Unpopular congress, unpopular party

M. Simon made the following observation about politicians last night:

Politicians use words the same way squids use ink. To cover their tracks.
I think that in the current political climate, most voters understand the above implicitly.

A brief review of the current numbers from RealClearPolitics is in order:

President Obama Job Approval

RCP Average
Approve
60.8
Disapprove
32.0
Spread +28.8

Congressional Job Approval

RCP Average
Approve
31.8
Disapprove
60.5
Spread -28.7

Generic Congressional Vote

RCP Average
Democrats
39.7
Republicans
35.0
Democrats +4.7

Now, it's easy to look at the low congressional numbers and say that it is obviously the Republicans' job to convince the voters that only they are the party which has principles. But if we assume voter cynicism about politicians accounts for the low congressional numbers, how feasible of a goal is it to convince them that the Republicans (who only lost power recently) are suddenly sincere and more principled? I'm not saying that principles should be abandoned or discarded, but I do think there's an important point which must not be overlooked, and that is the instinctive distrust ordinary people have of power. Especially entrenched and corrupt power.

If we juxtapose Obama's high numbers with Congress's low numbers, how might the discrepancy be explained? The primary difference between Obama and Congress is not political (both are Democratic), but freshness. Obama is still new (and bear in mind his approval numbers are not strong), while Congress is old, rotten, and corrupt to the core. It is obviously clear to the voters that while an old and stale president can be replaced with a new one, Congress is a metastasized malignant tumor that cannot ever be fully excised, regardless of which party holds the congressional majority.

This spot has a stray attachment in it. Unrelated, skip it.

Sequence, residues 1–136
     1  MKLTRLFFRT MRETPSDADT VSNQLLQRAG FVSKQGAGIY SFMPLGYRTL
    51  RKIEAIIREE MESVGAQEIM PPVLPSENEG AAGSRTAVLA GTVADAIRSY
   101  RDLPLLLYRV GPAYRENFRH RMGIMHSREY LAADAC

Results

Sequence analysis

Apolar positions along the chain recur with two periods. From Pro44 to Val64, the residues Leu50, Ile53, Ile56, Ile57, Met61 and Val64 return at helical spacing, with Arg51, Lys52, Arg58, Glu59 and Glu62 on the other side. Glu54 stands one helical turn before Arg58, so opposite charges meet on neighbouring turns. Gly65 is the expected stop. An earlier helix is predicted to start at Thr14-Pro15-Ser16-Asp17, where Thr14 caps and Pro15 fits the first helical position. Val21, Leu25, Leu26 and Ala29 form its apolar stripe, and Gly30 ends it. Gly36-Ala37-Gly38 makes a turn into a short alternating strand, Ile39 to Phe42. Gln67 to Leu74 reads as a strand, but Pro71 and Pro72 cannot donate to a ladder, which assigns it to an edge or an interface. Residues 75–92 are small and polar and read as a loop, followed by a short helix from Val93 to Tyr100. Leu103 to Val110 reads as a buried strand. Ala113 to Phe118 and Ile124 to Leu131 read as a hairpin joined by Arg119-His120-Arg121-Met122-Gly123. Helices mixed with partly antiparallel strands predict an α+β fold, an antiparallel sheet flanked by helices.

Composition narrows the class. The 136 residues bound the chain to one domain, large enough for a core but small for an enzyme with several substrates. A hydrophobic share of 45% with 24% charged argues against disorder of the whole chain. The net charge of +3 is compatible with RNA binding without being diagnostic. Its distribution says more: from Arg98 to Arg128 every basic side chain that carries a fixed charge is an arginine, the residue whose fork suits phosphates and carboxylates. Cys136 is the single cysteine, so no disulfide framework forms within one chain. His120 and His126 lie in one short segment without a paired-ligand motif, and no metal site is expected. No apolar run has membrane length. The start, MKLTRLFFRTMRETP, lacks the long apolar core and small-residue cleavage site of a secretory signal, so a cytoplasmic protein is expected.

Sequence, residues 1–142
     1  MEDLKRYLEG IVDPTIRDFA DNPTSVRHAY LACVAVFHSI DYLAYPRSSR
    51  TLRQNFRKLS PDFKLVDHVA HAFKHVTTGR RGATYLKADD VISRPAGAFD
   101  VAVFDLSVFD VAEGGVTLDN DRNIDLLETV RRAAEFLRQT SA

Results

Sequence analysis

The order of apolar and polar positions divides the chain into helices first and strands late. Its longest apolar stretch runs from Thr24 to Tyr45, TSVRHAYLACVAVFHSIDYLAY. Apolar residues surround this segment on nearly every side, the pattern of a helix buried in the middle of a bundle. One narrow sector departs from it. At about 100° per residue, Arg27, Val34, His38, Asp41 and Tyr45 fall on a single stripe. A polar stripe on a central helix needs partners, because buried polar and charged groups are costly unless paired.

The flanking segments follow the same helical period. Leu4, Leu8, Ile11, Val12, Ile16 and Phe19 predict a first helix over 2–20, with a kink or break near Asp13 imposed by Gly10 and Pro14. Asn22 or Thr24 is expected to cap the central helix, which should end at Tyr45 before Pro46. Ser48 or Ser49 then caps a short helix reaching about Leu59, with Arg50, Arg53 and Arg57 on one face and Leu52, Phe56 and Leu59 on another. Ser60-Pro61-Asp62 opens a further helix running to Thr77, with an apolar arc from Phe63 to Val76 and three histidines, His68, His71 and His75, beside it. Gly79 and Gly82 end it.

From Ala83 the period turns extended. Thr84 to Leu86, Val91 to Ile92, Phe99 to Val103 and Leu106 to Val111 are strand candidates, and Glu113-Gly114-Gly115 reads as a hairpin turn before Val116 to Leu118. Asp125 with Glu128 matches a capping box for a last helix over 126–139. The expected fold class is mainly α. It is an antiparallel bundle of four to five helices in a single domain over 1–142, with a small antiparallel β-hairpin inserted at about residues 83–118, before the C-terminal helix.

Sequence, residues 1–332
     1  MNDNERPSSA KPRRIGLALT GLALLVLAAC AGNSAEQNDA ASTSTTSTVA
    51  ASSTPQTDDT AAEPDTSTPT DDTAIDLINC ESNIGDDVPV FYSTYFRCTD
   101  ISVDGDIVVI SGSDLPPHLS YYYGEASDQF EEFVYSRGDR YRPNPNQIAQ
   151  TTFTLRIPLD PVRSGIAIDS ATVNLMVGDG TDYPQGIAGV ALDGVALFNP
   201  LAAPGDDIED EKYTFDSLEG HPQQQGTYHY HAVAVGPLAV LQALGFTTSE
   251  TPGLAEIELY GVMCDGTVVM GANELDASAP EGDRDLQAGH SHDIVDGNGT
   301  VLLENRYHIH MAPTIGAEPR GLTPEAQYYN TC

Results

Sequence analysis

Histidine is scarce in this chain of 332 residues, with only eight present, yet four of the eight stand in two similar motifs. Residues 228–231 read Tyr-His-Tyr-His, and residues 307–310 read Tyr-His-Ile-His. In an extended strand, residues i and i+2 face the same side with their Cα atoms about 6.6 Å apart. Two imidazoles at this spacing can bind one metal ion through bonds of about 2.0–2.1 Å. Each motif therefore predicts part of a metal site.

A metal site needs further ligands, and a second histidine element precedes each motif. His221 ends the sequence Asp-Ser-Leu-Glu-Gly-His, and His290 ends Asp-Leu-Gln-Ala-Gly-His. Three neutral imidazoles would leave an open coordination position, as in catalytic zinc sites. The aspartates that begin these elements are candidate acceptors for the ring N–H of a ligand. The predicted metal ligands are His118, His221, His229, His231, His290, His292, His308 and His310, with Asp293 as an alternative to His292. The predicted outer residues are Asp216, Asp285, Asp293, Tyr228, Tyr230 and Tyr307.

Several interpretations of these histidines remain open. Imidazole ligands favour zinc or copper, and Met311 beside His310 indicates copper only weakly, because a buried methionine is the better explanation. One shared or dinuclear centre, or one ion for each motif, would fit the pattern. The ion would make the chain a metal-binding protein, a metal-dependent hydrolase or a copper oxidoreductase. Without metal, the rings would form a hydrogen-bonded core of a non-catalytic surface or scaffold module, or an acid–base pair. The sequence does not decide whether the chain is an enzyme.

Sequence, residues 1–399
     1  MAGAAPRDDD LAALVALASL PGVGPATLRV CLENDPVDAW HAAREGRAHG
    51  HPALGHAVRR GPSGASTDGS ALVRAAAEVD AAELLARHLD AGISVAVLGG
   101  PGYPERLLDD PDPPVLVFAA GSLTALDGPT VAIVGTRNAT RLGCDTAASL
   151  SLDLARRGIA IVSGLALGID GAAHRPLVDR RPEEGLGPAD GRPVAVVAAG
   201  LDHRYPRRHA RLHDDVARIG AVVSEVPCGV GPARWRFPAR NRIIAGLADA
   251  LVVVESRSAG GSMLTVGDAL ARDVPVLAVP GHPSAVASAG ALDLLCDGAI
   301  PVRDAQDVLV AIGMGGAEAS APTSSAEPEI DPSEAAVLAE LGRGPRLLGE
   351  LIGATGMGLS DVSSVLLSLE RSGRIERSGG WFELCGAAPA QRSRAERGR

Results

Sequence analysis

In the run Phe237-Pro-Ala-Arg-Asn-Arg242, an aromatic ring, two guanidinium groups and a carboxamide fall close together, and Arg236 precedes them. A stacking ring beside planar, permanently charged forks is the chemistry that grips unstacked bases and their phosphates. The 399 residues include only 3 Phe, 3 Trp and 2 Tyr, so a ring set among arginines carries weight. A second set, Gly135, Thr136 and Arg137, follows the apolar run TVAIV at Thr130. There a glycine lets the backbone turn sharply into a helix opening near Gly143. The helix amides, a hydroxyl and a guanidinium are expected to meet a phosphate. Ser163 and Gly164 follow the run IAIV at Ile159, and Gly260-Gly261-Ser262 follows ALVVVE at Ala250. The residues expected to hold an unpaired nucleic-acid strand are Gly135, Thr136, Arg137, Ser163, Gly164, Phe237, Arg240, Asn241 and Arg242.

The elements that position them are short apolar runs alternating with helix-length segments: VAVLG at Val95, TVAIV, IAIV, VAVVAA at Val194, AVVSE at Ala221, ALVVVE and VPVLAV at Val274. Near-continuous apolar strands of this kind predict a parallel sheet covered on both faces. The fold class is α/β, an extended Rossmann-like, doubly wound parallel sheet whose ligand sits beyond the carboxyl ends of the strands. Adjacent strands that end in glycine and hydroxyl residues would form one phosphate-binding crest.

Considering the low opinion voters have about politicians -- and especially Congress -- is the best hope for the GOP to try to convince voters that only they have principles and that the Democrats don't? How likely is this to be believed? I think it is very unlikely, and while I don't think the GOP should abandon all talk of principle, neither should they miss the opportunity to remind voters that the balance of power is in their hands, and if they think Congress is malignant tumor that cannot be removed, the best alternative is to prevent it from getting stronger. In this respect, the Republicans' vintage anti-government philosophy is likely to have appeal, regardless of how sincere or principled it actually is in practice.

Republicans -- even if the voters assume their principles are bogus -- can nonetheless package themselves as a brake on congressional power, and I think they have an advantage in the next election if only they will use it. The numbers indicate Congress is vulnerable, and because Congress is Democratic, the Republicans are the anti-incumbency, anti-Congress party. If the Republican Party is in disarray, so much the better. Just run against Congress. This puts the Democrats on the defensive, for they can't very well run against themselves.

And as Nancy Pelosi has comically demonstrated, they can't run against Bush forever.

Sooner or later, someone might remember that this is a country that elected Bush twice.

posted by Eric on 05.16.09 at 09:45 AM










Comments

Mr. Obama seems to have hit a brick wall in approval ratings about March 6th. About 45 days after his inauguration. I wonder what happened.

M. Simon   ·  May 17, 2009 2:33 PM

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